revenge, guilt, shame, the concealment of an affair, extortion and to test
a husband's love. Sometimes, it is little more than a desperate attempt to
win sympathy and attention. One of the few academics to study women who falsely
accuse is Keith Soothill, professor of social research at Lancaster University.
He says, "Women tend to make false allegations to get themselves out of trouble rather than to get men into trouble. They lie when they feel constrained, when they're in a tight spot." Eighteen-year-old Wendy McClung had just such reasons: she made a false claim of rape to avoid having a row with her parents after spending the night with 30-year-old Stuart Nicol, for whom she babysat. In February 2000, she was put on probation for nine months. Thirty-four-year-old Deborah White claimed she was sexually assaulted with a pool cue and raped by two men in a Bristol pub where she worked as a stripper; confronted by security videos, she admitted making it up to explain away bruises to her husband. She was jailed for three months. "The whole thing gets out of hand and there just isn't the opportunity for the woman to bail out," says Soothill. "The
process begins to take over."
Research also suggests that 69% of false allegers have a psychiatric history.
Milroy-Sloan's psychiatric report for court stated that she "has a history of emotional and behavioural disturbance, including previous episodes of self-harm, threatening behaviour and substance misuse". The report concluded that she was fit to stand trial, with a proviso: "However, it is likely that a degree of personality disturbance is having an impact on the manner in which she presents an account of various events in the face of conflicting evidence," and added, "She
remains at risk of further self-harm when faced with stressful life events."
Nadine Milroy-Sloan has a troubled past. She remembers her childhood as unhappy.
She was her parents' only child, but had four half-siblings from her father's
first marriage. According to her, this always caused tensions in the family,
and she found her relationship with her mother "difficult ... there's never been any love in it". It was a family in which silences were sought; in her witness statement to the police, her mother says, "I did not want to know the graphic details of the rape, so I have never asked Nadine and she has never told me. That's how I prefer it." Her father also said, "As
her dad, I certainly didn't want to know about it ... we did not then, and
never have since, talk about what happened."
Since she was a teenager, Milroy-Sloan has had bouts of excessive drinking
and admits to occasional amphetamine and cocaine use. When she was 17, she
was arrested and charged with assault after a fight with a girl outside a
pub. At 19, she was charged with burglary from a chalet at Butlins, where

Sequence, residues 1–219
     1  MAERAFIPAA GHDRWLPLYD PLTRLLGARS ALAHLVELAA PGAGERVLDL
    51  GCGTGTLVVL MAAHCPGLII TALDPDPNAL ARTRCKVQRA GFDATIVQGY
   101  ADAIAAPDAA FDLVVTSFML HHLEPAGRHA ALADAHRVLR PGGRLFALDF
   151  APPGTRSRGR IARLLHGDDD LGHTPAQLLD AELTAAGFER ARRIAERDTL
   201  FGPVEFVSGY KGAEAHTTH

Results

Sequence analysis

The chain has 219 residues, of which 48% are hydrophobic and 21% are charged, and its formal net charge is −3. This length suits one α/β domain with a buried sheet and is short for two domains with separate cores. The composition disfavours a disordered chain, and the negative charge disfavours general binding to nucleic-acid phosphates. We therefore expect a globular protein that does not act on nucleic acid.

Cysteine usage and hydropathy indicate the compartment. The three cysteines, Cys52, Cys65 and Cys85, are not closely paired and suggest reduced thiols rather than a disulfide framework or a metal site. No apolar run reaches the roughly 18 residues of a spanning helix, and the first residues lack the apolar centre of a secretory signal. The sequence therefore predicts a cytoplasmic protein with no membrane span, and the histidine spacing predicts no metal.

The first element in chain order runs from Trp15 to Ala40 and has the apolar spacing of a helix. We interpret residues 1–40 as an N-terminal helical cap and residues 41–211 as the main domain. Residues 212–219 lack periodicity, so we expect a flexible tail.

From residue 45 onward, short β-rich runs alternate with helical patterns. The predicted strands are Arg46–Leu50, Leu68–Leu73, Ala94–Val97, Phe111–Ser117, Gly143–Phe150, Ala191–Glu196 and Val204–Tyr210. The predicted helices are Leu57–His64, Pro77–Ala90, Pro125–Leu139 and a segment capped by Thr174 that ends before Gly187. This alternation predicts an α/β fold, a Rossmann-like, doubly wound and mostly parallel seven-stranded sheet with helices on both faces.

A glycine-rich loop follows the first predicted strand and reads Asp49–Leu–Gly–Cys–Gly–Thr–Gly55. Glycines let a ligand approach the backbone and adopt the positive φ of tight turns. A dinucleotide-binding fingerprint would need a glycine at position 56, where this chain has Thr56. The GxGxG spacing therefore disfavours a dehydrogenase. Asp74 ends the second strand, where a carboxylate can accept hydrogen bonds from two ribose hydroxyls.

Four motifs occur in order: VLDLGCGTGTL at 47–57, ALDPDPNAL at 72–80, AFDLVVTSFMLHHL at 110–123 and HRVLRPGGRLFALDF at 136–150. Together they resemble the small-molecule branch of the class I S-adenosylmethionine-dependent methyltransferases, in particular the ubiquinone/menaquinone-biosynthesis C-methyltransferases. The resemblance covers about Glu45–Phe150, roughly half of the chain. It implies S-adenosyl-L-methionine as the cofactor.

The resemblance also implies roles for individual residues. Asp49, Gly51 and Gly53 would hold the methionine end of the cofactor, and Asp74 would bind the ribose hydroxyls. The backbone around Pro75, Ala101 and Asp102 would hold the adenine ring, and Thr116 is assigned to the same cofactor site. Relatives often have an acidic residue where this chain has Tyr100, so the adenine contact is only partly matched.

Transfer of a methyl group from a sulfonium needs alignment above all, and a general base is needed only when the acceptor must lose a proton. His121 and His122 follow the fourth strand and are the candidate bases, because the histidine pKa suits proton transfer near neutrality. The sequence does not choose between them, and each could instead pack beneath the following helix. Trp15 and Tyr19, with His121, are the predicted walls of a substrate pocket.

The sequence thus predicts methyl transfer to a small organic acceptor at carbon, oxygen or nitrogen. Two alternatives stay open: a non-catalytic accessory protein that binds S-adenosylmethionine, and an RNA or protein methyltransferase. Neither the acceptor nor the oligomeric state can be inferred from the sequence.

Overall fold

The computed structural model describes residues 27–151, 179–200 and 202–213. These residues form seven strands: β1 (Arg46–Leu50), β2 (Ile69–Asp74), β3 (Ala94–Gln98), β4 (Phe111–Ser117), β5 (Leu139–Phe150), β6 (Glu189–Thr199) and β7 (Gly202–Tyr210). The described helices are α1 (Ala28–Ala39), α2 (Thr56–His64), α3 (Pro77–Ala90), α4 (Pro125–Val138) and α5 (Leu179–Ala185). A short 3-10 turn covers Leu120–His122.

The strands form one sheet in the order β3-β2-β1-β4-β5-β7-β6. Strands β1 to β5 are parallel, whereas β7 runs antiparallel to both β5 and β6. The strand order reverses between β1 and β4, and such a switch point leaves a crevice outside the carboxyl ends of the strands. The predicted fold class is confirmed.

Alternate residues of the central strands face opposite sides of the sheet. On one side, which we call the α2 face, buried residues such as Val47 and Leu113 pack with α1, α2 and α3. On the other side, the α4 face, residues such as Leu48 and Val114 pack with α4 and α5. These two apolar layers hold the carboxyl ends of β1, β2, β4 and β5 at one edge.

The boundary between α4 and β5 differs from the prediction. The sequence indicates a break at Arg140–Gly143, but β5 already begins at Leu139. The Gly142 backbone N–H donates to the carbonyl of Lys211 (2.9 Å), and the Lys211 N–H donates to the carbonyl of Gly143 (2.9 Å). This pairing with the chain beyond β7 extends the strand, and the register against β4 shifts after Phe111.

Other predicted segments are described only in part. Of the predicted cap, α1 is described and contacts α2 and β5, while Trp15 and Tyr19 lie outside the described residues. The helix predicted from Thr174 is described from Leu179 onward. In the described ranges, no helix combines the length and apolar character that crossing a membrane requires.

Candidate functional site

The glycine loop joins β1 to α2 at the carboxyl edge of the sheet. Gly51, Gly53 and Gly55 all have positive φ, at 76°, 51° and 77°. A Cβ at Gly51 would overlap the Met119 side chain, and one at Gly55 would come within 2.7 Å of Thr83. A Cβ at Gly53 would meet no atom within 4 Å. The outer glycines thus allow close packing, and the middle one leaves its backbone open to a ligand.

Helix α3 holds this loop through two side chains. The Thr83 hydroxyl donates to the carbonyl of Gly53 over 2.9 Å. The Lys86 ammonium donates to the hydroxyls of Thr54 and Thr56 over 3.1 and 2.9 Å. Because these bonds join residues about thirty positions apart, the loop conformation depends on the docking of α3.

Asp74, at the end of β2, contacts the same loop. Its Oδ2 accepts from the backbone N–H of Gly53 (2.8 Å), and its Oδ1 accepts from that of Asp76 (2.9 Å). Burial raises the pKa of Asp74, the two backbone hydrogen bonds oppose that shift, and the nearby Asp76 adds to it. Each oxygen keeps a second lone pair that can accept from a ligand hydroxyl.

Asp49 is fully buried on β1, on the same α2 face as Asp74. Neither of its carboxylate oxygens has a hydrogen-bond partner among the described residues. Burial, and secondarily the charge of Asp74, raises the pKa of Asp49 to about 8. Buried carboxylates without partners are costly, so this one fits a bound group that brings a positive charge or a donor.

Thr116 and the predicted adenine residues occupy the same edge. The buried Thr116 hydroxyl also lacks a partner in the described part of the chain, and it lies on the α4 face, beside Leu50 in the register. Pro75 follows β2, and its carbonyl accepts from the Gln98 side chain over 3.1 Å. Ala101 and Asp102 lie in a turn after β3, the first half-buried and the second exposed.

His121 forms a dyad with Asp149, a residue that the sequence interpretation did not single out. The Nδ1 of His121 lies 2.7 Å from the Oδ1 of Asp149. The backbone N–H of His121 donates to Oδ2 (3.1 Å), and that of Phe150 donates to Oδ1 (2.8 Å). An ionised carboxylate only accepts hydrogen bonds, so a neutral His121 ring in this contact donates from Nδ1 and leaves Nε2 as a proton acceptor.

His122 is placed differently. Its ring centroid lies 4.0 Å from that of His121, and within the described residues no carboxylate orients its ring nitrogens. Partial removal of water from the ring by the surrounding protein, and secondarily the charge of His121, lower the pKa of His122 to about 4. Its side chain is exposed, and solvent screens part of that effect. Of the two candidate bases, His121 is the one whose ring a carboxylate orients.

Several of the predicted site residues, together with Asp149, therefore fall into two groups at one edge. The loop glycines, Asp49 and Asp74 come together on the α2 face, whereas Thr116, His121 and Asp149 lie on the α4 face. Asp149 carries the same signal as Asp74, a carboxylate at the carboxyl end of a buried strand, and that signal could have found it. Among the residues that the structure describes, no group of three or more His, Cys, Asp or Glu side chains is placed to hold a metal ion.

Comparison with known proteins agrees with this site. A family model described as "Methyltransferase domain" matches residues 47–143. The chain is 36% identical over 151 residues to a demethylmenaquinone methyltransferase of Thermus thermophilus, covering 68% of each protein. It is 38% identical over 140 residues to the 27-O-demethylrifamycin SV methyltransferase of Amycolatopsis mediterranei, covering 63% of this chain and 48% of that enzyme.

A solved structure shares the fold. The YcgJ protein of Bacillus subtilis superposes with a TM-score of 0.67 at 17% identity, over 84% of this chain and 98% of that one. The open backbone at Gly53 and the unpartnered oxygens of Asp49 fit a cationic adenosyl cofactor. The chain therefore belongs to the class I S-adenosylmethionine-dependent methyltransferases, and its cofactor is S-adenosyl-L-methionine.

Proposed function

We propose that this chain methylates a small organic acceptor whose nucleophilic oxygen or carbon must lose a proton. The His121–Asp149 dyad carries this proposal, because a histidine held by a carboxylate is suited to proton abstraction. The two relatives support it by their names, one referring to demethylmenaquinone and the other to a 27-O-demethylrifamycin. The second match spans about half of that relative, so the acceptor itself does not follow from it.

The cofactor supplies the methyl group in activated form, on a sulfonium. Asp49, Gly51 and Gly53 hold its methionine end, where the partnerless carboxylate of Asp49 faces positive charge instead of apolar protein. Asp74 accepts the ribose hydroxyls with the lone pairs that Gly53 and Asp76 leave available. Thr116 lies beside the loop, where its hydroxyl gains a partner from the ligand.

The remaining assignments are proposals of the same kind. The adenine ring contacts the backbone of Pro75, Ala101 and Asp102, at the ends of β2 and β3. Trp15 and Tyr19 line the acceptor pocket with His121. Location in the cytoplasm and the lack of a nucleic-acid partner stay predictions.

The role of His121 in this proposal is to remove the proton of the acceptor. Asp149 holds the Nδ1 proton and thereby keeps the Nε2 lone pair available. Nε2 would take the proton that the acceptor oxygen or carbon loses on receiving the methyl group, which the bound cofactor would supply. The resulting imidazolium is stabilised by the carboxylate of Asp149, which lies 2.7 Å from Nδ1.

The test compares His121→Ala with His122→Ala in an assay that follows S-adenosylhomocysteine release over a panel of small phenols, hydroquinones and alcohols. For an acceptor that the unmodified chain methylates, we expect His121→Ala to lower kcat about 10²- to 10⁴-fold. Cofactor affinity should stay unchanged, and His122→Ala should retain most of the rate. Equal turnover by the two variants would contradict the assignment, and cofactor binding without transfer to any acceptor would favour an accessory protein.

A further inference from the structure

she worked. The following year, 1995, she received a conditional discharge
for using threatening, abusive or insulting words after an argument with
her husband. In October 2001, she got into a fight with an assistant at a
chip shop in Cleethorpes, threw her food at her, and on her way out assaulted
a fellow customer who happened to be standing there.
But Milroy-Sloan can also be great fun. She is lovely to look at, and men
and women have always been attracted to her. She is articulate and funny;
frequently describe her as "bubbly". Yet, all her life, she has also found
it easy to make enemies - even her GP struck her off his list. She now says
that her mother stood by her only until she could cash the cheque for selling
her story, and then abandoned her. She says that her two former husbands have
turned against her.
Scott Sloan, her second husband, told a newspaper, "I thought she was a lovely
little thing when I first met her ... There's a side to her like a child that
makes you want to hold her and tell her everything's going to be all right.
She seems so vulnerable, she is like a little lost girl. But there's another
side to her which is unbelievable and so horrible, so awful. I think she needs
Police were aware of Milroy-Sloan's disturbed history and previous record.
Humberside had a file of her allegations, including domestic violence, which
they believed were false. Perhaps it was these suspicions, and the seeming
outlandishness of her claims, that led to a 10-day delay between her reporting
the alleged attack and a full statement being taken from her. Perhaps this,
too, is why the interrogating police officer was coldly procedural. Even
as Milroy-Sloan sobbed, no words of solace were offered. By this time, she
was so confused about the couple that she was calling the alleged female
assailant not Lady Joan, but Caroline Hamilton. Interviewed again two weeks
later, on May 30, she steadfastly stuck to her story - there is no doubt
she continued to believe it.
She sensed, however, that she wasn't being believed. She became increasingly
distressed by what she perceived to be the police dragging their feet, and